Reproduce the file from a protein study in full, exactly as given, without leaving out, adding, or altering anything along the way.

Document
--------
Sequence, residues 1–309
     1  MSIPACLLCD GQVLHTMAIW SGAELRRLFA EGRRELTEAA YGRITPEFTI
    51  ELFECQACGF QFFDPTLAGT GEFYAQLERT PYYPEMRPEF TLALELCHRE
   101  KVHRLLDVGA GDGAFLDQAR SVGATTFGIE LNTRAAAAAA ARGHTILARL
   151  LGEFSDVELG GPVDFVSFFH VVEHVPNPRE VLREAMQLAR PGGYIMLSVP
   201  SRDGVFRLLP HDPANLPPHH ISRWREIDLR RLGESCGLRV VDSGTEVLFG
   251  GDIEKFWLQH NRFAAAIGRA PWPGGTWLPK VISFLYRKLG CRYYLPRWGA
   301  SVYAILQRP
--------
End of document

Sequence, residues 1–309
     1  MSIPACLLCD GQVLHTMAIW SGAELRRLFA EGRRELTEAA YGRITPEFTI
    51  ELFECQACGF QFFDPTLAGT GEFYAQLERT PYYPEMRPEF TLALELCHRE
   101  KVHRLLDVGA GDGAFLDQAR SVGATTFGIE LNTRAAAAAA ARGHTILARL
   151  LGEFSDVELG GPVDFVSFFH VVEHVPNPRE VLREAMQLAR PGGYIMLSVP
   201  SRDGVFRLLP HDPANLPPHH ISRWREIDLR RLGESCGLRV VDSGTEVLFG
   251  GDIEKFWLQH NRFAAAIGRA PWPGGTWLPK VISFLYRKLG CRYYLPRWGA
   301  SVYAILQRP